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FCW : November and December 2014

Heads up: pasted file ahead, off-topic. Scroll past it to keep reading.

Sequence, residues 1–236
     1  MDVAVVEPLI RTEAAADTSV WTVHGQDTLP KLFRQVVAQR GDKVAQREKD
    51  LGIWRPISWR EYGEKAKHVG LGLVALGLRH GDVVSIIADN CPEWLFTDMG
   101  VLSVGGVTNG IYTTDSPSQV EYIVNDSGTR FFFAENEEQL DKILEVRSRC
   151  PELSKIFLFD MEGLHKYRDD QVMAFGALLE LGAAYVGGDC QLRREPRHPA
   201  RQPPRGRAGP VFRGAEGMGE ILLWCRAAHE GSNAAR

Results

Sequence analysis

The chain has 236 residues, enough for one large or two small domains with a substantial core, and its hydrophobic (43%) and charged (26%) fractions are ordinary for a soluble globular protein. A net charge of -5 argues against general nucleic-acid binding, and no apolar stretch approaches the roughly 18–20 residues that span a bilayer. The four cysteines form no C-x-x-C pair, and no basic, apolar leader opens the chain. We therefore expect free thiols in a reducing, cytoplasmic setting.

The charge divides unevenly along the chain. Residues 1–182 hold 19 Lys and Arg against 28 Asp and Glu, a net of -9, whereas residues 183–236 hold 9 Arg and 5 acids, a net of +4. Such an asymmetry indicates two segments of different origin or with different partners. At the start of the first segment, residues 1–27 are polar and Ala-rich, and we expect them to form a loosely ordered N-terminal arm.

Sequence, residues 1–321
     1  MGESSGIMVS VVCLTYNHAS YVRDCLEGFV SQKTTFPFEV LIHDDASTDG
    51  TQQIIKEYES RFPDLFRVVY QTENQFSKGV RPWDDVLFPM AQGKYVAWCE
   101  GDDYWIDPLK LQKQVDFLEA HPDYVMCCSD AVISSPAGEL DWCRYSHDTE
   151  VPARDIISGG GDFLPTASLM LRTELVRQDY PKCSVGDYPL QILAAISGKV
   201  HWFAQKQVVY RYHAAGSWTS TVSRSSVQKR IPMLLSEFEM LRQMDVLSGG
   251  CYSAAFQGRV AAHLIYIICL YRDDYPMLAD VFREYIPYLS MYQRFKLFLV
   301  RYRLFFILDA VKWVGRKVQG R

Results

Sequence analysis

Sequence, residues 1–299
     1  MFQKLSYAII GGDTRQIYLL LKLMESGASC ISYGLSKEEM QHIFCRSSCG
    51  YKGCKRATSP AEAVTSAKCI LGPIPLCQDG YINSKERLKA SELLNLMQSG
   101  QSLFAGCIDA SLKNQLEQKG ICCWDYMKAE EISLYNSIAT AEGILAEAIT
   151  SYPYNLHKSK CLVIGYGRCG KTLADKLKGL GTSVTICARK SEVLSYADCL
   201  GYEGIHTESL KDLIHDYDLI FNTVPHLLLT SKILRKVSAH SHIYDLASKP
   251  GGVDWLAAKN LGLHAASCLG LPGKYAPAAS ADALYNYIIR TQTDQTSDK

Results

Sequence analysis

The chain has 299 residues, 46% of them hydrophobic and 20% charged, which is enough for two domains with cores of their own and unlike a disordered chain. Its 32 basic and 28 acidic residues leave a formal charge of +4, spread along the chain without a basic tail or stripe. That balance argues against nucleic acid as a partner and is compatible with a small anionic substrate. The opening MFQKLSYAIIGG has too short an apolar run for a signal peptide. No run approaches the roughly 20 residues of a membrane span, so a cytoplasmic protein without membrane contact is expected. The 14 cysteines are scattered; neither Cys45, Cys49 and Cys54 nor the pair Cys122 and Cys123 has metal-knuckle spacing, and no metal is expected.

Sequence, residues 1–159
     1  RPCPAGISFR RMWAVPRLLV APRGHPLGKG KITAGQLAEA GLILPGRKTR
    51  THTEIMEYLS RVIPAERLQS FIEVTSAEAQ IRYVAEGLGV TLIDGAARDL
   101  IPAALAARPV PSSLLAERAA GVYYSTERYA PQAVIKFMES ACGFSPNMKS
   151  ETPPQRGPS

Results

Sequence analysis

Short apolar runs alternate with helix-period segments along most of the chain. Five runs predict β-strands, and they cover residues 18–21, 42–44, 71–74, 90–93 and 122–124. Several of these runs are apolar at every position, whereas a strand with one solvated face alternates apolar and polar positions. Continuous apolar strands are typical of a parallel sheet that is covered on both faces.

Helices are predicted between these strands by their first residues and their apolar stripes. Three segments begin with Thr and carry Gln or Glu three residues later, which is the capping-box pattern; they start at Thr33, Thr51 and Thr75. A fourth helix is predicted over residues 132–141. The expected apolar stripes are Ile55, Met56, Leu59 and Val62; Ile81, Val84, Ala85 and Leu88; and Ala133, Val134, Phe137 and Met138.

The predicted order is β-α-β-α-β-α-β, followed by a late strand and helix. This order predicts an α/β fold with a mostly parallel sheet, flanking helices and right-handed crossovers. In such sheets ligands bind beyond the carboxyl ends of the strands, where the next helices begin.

Rising Stars 18 November/December 2014 FCW.COM day, frustrating users with long wait times for support. Other nagging problems included a lack of standardized incident response procedures, prolonged service interruptions and resource constraints that kept managers from hiring more people to help handle the issues. In his relatively short time at the agency, Bragg has transformed HSIN service operations and spurred his team’s performance to the point where it is proactively tackling issues instead of reacting to them. A key to that turnaround was Bragg’s talent for untangling thorny issues that had vexed even seasoned fed- eral employees, his managers said. “I deal with operations and procedures — the ‘how,’” Bragg wrote in a recent HSIN blog post. “For a platform like HSIN that works to break down the barriers to information sharing between agencies, security and usability are equally impor- tant. It all comes down to trust. And HSIN is just that, a network of trust.” Thanks to Bragg’s leadership, HSIN has seen a 33 percent decrease in open help-desk tickets and a 41 percent reduc- tion in unresolved system defects. He has also championed network optimization efforts that have resulted in an average 99.7 percent HSIN availability and a 45 percent increase in new user registra- tions since the technical refresh. — Mark Rockwell Cristen Cole Just four years into her career, Cristen Cole has been responsible for over- seeing more than $65 billion worth of gov- ernment contracts. After completing an early-career professional development program at the General Services Admin- istration and cycling through various programs and offices at GSA, she realized she liked the challenges that the Federal Systems Integration and Management Center posed. Now, as an IT project manager for FEDSIM, she manages the Department of Homeland Security’s Continuous Diagnos- tics and Mitigation program portfolio, and she single-handedly provided program management for the entire CDM portfolio in its first year. According to Danny Toler, deputy director of federal network resilience at DHS, Cole’s “tireless dedication to task resulted in putting automated monitoring tools in the hands of 21 federal agencies.” John Streufert, director of federal net- work resilience at DHS, said Cole’s efforts have been “unwavering, tireless and highly valued from the moment she was assigned by GSA to support the program.” However, Cole might be best known for managing a FEDSIM award that resulted in prices that were an average of 30 percent lower than GSA’s Schedule 70. It was the largest Schedule 70 vehicle ever developed and the largest one FEDSIM had ever awarded, and it saved taxpayers more than $21 million. She also meets with government and industry leaders and represents the FEDSIM program at large events. Such public-facing efforts are a new challenge, but she said she’s building her comfort level. “Having a passion for it helps me to go up there and be able to show the critical- ity of what we’re trying to do,” Cole said. “It’s easier to support the FEDSIM pro- gram when I like what I’m doing.” — Colby Hochmuth Shawn Garrow Although he is well-versed in IT, Shawn Garrow often prefers working on the policy to shape it rather than on the technology itself. “The technology shouldn’t drive the policy, but rather the policy should be dictating where we go with our investments and operations,” said Garrow, a division head for the Navy’s Tenth Fleet. As advanced as some IT systems are, he added, they still play a support function to an overarching policy to better secure networks. Garrow has been involved in the Navy’s biggest IT projects in recent years, including the Next Generation Enterprise Network and the Defense Department’s Joint Information Environment. He did most of his work on NGEN, an acquisition vehicle for the Navy’s intranet, before the contract was awarded. He evaluated the Navy’s goals for the intranet and the poli- cies needed to achieve those goals. Now he is a significant player in the Navy’s contributions to JIE, a broad effort by the Pentagon to standardize and mod- ernize IT systems and networks. Garrow said the job entails “taking a look at all of the operational concepts of operations... and ensuring that Navy’s equities are appropriately represented in that body.” Like other Rising Stars, Garrow’s sharp IT and management skills are often pitted against a rather cumbersome acquisition process. “One of the large challenges is balanc- ing capacity against demand and the ability to ensure that our acquisition cycle can move at an accelerated pace,” he said. And that cycle “doesn’t necessarily align to the threats that are posed by our adversaries.” — Sean Lyngaas Michael Gross Michael Gross is a fresh face in federal IT, but he’s proven himself to be a quick study. As an IT audi- tor at the U.S . Postal Service’s Office of Inspector General, he helps monitor one of the largest computing infrastructures in the federal government. The job isn’t just about targeting waste, fraud and abuse, Gross said. “I try to provide a lot of value-added services: making sure that projects are on track, on target and going to meet the needs of the Postal Service,” he added. “We look for places where they can improve operations, generate more revenue and improve customer services.” Gross comes by his IT chops via the Marine Corps. During his four-year stint, including a year in Iraq, he specialized in telecommunications and then studied accounting at the University of Wiscon- sin-River Falls. In his first months at USPS — and while still earning his auditor cer- tification — he distilled the 600-page Fed- eral Information System Controls Audit Manual into a database that allows users to drill down from top-level concepts to